Now, what might be true is that there are more people of color in Burlington than there were 10 or 20 years ago. I would not accuse DiSabito of being racist, but his letter is chock full of racist-adjacent sentiment. It must have gone over well with Sen. Ram Hinsdale.
Onward. DiSabito then writes how it was “extremely disheartening” to hear legislative testimony by Burlington business owners about their struggles with crime. Then he said that “Retail Theft must be taken seriously by prosecutors,” and threw an elbow in Sarah Fair George’s side by characterizing her policy as giving “a hug and treatment” in lieu of punishment.
Aside from the blatant mischaracterization of George’s policies, there’s this: if Burlington is such a crime-ridden wasteland, then George shouldn’t be wasting her time on shoplifters. She’d have to focus on all the murders and shootings and knifings and assaults.
DiSabito then showed where his priorities lie by bragging about prosecuting a guy for “stealing a lighter from Dollar General in Alburgh.”
Must have a lot of spare time up there in Grand Isle. Although not enough time to pay attention to a series of hate crimes on Isle La Motte. But then, the victims aren’t businesses, so I guess that’s okay.
And now we arrive at the burr in DiSabito’s saddle. He’d successfully prosecuted an habitual offender in another case only to see the judge impose a much shorter prison term than DiSabito had recommended. The offender re-offended shortly after his release, and then committed one of those dreaded Retail Thefts in Williston. George’s office handled the case in a way that irked DiSabito.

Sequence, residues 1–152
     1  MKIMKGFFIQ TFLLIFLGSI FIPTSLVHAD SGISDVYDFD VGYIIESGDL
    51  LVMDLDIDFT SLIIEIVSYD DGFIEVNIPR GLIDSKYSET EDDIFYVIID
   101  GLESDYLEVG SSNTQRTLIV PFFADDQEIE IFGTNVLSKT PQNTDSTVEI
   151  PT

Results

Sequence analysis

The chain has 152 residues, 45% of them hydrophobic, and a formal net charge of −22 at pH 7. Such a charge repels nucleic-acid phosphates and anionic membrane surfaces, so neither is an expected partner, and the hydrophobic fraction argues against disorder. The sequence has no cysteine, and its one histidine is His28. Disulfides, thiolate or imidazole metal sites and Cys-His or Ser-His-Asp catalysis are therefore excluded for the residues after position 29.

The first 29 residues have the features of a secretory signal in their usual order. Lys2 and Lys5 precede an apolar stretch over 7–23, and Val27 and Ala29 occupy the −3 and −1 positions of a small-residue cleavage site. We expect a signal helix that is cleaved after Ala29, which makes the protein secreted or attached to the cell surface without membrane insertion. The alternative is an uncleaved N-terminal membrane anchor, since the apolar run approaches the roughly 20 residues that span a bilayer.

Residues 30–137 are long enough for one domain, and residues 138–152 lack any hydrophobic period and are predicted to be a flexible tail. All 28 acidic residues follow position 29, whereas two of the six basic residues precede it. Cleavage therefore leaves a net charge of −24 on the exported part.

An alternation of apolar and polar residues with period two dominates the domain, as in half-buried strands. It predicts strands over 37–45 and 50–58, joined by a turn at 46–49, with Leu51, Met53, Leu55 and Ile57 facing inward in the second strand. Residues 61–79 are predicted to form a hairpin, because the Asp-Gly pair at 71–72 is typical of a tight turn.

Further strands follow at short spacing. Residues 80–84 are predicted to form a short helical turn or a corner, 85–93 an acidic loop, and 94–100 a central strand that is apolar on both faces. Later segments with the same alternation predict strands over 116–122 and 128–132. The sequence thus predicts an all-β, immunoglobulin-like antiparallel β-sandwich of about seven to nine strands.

Now, here’s the thing. Whether that offender had gone to prison for one year or ten, he would likely have reoffended at his earliest opportunity. With people like this, you have two choices: Lock ’em up for life, or find a way to help them straighten up. George’s office chose the latter path.
Then we get another anecdote about crime run rampant: A Chittenden County father and son who drove up to Grand Isle (how DARE they) and stole some cash and vegetables from a farmstand. Those veggies, DiSabito argued, represented “hours and hours of back-breaking work of (sic) hard-working farmers.”
I think this guy needs to cut back on the caffeine. Maybe his act plays well in Grand Isle, where many residents probably look on Burlington with the kind of foreboding that the ’67 riots inspired in the hearts of suburban Detroiters.
Argh. Two points in closing.
First, despite the rampant crime and violence bedeviling the Queen City, housing prices are through the goddamn roof and there’s a drastic shortage of rental stock. Reminds me of how Yogi Berra allegedly said of a popular nightclub, “It’s so crowded, nobody goes there anymore.”
If DiSabito’s rant had any basis in reality, people would be fleeing Burlington in droves. Homes and buildings, as in Detroit, would sit vacant and slowly decay. The population would plummet.
Second, I still love going back to southeast Michigan and spending time in Detroit. There’s a lot of great stuff there. And the vast majority of people never experience crime. Even in Detroit, you really don’t have to fear for your life.
Well, there are streets it’s best not to go down. But even so, Detroit is quite safe for the people who want to enjoy all it has to offer. If DiSabito thinks that Burlington is “a dangerous place,” he’d shit his pants if he were dropped off on a Detroit streetcorner. Perspective, people.
This letter is an overwrought embarrassment. It shows that Grand Isle could do a lot better in a state’s attorney. I hope the voters of Chittenden County thumb their collective noses at this racist-adjacent lummox.